California Brick and Pottery Co. brick side
View of the side of red common brick made by the California Brick and Pottery Company, 1905.

California Brick and Pottery Co. brick side
View of the side of red common brick made by the California Brick and Pottery
Company, 1905. Note the lighter orange interior clay body of the weathered bricks.

California Brick and Pottery Co. brick marked face
View of the face showing right half of the mark of the company initials
of the California Brick and Pottery Company in the Hotel Chauvet, 1906.

California Brick and Pottery Co. brick marked face
View of the face showing left half of the mark of the company initials
of the California Brick and Pottery Company in the Hotel Chauvet, 1906.


Pressed Brick


Pressed brick is light yellow to light salmon and somewhat mottled. Side surfaces are smooth with minor pits and some display an orange or light brown transverse flash pattern. Belt impressions can be seen on some surfaces as longitudinal dashed lines or as a coarse screen. Spotty white specks on the surface are angular quartz or rhyolite. Dark spots may be basalt or black iron. Interior clay body shows about 10 to 15 percent quartz, rhyolite, and basalt clasts. The smooth face displays the mark KAOLIN recessed as block letters centered on a smooth face. The other face shows a velour texture with low-angled wire-cut grooves. Edges are straight and sharp. Corners sharp when not broken. This brick was made using the stiff-mud process, extruded, wire-cut, and repressed. Length 8 1/4, width 4 1/4, height 2 1/8 inches.

California Brick and Pottery Co. pressed brick side
Side view of the pressed brick made by the California Brick and Pottery Company, 1906.

California Brick and Pottery Co. pressed brick marked face
Pressed brick showing the marked face.

California Brick and Pottery Co. pressed brick back face
Back face of the pressed brick showing the wire-cut surface.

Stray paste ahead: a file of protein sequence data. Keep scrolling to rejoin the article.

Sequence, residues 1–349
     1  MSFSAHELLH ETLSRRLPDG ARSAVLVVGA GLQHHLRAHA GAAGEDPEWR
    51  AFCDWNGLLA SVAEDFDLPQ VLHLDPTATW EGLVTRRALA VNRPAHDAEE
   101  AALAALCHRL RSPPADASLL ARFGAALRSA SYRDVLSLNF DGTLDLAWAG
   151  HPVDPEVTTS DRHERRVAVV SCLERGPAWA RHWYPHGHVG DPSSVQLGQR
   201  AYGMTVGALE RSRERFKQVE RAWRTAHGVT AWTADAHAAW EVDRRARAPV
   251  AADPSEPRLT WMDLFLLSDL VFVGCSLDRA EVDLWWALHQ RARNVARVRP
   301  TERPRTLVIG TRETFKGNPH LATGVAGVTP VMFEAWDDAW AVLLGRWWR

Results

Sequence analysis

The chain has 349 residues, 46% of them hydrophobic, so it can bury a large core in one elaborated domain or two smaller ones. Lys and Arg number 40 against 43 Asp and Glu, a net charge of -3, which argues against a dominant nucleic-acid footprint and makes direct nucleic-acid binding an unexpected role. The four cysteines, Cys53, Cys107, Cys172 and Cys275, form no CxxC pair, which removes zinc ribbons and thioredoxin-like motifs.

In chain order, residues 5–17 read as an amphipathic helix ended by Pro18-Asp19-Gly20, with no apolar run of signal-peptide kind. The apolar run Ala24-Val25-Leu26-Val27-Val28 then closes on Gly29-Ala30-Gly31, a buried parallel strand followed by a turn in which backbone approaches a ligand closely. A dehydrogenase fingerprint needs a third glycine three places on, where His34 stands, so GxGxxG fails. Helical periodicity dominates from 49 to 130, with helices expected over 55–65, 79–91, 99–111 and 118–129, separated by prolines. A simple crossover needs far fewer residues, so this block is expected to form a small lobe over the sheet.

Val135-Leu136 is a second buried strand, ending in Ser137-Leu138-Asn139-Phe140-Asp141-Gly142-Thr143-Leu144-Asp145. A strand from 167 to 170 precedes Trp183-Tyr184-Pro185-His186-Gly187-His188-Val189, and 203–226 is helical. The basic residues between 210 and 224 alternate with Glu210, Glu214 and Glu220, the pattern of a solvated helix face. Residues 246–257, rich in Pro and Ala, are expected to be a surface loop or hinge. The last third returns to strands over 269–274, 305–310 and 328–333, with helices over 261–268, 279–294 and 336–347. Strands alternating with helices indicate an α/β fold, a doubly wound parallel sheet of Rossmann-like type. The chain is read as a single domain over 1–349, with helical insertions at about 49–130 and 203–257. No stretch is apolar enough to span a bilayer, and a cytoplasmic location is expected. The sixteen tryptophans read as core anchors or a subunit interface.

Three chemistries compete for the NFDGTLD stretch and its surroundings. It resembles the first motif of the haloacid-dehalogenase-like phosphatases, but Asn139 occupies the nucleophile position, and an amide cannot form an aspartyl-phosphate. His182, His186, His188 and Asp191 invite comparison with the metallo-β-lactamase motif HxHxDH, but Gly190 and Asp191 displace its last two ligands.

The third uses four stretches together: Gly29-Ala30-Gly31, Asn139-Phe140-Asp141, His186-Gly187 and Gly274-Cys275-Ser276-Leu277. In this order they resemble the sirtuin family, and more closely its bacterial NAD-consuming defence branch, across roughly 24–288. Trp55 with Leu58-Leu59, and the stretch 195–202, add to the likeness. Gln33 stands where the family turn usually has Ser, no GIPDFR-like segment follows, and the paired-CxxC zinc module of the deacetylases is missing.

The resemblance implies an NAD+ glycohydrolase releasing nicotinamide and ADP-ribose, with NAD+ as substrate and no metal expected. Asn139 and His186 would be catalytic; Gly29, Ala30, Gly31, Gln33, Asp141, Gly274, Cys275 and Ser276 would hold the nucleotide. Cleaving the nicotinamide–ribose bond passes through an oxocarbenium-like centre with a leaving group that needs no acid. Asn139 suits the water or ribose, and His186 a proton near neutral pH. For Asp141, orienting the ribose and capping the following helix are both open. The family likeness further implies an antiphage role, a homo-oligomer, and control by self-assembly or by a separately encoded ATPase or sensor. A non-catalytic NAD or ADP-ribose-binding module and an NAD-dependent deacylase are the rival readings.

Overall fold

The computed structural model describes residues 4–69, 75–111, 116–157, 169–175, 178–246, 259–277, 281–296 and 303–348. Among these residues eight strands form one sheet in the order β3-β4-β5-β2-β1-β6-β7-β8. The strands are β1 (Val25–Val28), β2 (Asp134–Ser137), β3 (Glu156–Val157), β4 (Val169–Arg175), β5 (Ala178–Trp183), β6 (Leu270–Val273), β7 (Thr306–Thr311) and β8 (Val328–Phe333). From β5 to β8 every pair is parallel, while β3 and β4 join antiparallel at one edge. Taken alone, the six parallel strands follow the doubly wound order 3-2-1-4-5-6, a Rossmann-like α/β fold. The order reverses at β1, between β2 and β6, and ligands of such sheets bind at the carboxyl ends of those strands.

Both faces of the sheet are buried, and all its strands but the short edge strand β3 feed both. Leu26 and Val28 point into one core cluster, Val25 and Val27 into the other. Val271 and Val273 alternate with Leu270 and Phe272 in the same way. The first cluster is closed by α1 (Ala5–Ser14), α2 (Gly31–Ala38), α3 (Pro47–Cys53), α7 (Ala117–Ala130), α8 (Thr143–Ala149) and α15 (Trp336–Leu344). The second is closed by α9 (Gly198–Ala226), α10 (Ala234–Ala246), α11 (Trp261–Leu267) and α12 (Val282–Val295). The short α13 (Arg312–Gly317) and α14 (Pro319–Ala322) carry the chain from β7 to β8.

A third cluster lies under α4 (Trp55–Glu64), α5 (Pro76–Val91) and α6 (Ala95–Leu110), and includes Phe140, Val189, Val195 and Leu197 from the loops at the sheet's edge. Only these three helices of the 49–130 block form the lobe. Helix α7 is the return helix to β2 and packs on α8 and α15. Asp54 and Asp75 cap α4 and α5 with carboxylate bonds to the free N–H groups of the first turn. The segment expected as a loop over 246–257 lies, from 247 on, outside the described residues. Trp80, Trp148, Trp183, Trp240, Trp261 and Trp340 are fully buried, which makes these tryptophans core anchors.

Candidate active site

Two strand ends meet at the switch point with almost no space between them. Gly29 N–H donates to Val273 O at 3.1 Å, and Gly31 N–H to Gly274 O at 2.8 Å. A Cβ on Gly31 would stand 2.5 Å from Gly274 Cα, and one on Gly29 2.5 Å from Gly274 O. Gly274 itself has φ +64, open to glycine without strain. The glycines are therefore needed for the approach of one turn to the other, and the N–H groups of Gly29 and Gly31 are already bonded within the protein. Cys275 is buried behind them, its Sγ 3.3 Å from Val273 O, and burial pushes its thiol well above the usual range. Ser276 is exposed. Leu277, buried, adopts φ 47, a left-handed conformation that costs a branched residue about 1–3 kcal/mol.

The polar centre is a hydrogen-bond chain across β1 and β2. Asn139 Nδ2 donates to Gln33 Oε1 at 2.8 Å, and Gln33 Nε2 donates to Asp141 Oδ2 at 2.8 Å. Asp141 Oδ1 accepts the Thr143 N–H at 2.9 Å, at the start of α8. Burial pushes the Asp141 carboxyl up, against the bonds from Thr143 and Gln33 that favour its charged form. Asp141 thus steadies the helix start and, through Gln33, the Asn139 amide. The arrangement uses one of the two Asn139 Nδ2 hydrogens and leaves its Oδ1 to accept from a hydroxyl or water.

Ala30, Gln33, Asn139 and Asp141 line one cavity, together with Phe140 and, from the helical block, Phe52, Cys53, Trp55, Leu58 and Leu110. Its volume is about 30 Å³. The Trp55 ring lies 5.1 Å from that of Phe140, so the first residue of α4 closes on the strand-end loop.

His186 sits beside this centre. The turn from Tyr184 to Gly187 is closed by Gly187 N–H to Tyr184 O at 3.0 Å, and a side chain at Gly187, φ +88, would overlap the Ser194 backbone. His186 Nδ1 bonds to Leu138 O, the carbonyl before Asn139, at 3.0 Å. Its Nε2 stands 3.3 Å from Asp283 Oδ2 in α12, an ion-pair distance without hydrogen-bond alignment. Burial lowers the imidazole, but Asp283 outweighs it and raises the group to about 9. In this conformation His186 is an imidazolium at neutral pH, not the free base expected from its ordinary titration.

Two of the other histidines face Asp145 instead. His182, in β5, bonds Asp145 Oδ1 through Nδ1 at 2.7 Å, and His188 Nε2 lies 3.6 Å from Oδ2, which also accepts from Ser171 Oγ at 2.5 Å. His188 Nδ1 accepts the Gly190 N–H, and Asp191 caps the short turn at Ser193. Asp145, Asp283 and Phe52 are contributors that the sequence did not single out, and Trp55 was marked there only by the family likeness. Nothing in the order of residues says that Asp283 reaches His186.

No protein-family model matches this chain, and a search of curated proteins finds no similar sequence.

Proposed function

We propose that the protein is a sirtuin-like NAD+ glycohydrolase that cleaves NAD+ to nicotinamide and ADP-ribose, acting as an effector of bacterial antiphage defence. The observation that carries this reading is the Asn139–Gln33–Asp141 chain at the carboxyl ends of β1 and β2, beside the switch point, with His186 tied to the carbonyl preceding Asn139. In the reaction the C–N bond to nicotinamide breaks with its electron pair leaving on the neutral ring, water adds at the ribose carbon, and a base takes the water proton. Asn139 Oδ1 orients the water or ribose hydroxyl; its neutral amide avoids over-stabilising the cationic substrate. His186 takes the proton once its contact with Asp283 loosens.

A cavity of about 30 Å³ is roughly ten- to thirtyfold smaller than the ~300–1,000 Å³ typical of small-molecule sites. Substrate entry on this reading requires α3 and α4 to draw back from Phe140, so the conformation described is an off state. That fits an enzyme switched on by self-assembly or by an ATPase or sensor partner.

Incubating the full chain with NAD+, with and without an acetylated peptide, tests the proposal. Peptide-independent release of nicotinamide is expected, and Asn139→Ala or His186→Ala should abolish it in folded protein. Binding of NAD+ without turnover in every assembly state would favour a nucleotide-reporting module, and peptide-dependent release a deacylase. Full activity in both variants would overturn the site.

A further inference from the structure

California Brick and Pottery Co. pressed brick interior
Interior view of the clay body of the pressed brick.


References

Brick and Clay Record, July 29, 1903, p. 38.

Bradley, W.W., Mines and Mineral Resources of Portions of California, Part 2: The Counties of Colusa, Glenn, Lake, Marin, Napa, Solano, Sonoma, Yolo, California State Mining Bureau 14th Report of the State Mineralogist, 1916, p. 316-317.

Federal Census Records, 1910.

Fitzsimmons, Jeannie, Showcase Gallery, Glen Ellen, personal communications, 2008.

Glotzbach, Bob, Self-Guided Walking Tour of Downtown Glen Ellen, Regeneration Resources, Sonoma, CA, 2006-07 edition.

Glotzbach, Bob, ed., Childhood Memories of Glen Ellen, Glen Ellen, 1992.

Sonoma Index Tribune, April 18, 1903.

Sonoma Index Tribune, August 18, 1906.

Sonoma Index Tribune, August 27, 1904.

Sonoma Index Tribune, Dr. C.C. O'Donnell Has Passed Away, June 1, 1912.

Sonoma Index Tribune, January 31, 1903.

Sonoma Index Tribune, March 18, 1905.

Sonoma Index Tribune, May 2, 1891.

Sonoma Index Tribune, May 2, 1903.

Sonoma Index Tribune, November 4, 1905.

Sonoma Index Tribune, September 23, 1905.

Sonoma County Directory 1899-1900, p. 39.

Smith, Diane, Depot Park Museum, Sonoma Valley Historical Society, written communications, 2008.

Copyright 2008 Dan Mosier

Contact Dan Mosier at danmosier@earthlink.net.